99.9% Fake Volume? Are You Holding One of These Low-Liquidity Altcoins?

It has been suggested more than once that a majority of cryptocurrency trade volume is not only manipulated, but outright fake.

One independent source posited in March that 75% of crypto trade volume was faked; another suggested the number was closer to 95%. That second number is important, because it’s the number Bitwise used in their official application to the SEC for a Bitcoin ETF.

But according to an independent aggregator which measures the difference between real and faked volume, that number could really be as high as 99.95%.

Low Liquidity Altcoins – A Danger to Hold?

As seen in the screenshot below from Open Market Cap, many well-known altcoins currently suffer from a severe lack of real liquidity.

OpenMarketCap Volume
The percentage difference between what CoinMarketCap reports, and what really changes hands | Source: OpenMarketCap

Bytom (BTM) is judged to be operating with 100% fake volume. That number is rounded up from 99.95% – the actual difference between CoinMarketCap’s numbers, and the volume taken from ‘Real 10’ exchanges.

The discrepancy between Ethereum Classic’s figures also exceed 99%, but with over $4 million in real volume remaining after the calculation, that still leaves a sizeable chunk for the average investor to dip in and out of.

The same can be said for Dash and Qtum to some extent, however, that ~$3 million is not concentrated in one place, but is spread across multiple platforms.

Many people are under the assumption that H1 of 2019 saw the largest influx of cryptocurrency trades in history. That’s the impression gained from looking at CoinMarketCap. But if fakery has been afoot all along, then what does that say about 2017-2018’s mega bull run?

Unfortunately, it will be hard to find reliable historical data, but if these major altcoins have such low volume right now, how much could they have had 18-months ago? The next obvious question would be: how many people were really able to cash out for major profits back then?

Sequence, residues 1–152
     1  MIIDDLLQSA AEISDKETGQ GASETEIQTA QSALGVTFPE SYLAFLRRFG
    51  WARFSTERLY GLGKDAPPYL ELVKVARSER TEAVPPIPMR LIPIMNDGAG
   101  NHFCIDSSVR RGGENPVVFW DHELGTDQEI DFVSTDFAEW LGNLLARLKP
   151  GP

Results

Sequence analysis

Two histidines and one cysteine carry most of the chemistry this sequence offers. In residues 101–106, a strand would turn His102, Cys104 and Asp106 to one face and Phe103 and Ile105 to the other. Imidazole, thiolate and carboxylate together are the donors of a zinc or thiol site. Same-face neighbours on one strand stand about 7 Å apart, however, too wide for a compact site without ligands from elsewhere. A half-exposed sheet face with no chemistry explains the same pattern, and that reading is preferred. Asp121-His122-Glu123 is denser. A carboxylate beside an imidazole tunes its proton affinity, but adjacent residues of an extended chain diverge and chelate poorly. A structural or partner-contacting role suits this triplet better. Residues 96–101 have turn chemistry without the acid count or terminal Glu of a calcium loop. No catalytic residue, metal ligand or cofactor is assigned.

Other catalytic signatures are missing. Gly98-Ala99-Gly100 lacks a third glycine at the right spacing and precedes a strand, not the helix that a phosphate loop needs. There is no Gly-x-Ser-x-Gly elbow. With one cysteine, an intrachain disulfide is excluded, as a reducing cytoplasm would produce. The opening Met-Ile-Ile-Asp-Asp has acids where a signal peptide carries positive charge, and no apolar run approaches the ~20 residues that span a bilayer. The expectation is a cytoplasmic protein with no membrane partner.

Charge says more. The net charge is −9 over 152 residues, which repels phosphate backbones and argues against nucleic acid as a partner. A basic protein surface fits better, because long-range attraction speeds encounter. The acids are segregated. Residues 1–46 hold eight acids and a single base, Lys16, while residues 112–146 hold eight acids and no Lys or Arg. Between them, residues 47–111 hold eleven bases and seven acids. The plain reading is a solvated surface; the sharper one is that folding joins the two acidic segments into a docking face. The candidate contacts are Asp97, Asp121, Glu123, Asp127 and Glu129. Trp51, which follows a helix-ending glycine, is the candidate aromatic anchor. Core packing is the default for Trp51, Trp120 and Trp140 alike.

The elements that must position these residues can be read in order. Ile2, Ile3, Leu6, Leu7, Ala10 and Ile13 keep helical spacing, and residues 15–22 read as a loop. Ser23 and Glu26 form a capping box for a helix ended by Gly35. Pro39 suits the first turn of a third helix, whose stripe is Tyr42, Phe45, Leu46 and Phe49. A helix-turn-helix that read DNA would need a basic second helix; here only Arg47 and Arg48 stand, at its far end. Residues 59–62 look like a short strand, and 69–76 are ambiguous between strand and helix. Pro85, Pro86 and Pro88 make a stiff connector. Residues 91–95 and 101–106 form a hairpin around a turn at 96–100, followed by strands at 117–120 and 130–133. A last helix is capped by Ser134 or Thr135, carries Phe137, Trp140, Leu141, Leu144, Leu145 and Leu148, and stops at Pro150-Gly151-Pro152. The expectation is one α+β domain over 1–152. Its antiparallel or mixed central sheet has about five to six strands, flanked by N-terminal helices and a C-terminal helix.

Positive Spin: Room to Grow

Many factions within the cryptocurrency space probably couldn’t care less about fake volume. Not unless it impacts them directly. Day-traders, developers, long-term holders who assume the entire sector will grow before they plan to cash out; none of these are really impacted by fake volume figures.

In fact, many will have unknowingly (or knowingly) benefitted from price pumps associated with the inflated numbers in the past.

As ever, the fake volume phenomena can be spun into a positive. If real volume figures are this low right now, it means we’ve all entered the game earlier than previously thought. As in, 99.95% earlier.

One thing to note is that Bitwise have naturally excluded any and all decentralized exchanges for their list of trusted platforms. Right now, that doesn’t affect the numbers too much. But with the launch of Binance’s own ‘decentralized’ trading platform, and the recent launch of Komodo’s (KMD) P2P, non-KYC DEX, as well as the growth of the likes of Kyber Network (KNC); there could be significant volume unaccounted for among these decentralized, unregulated platforms.

Disclaimer: The author owns Bitcoin, Ethereum and other cryptocurrencies. He holds investment positions in the coins, but does not engage in short-term or day-trading.

Featured image courtesy of Shutterstock.

Greg Thomson is a freelance writer who contributes to leading cryptocurrency and blockchain publications like CCN, Hacked, and others.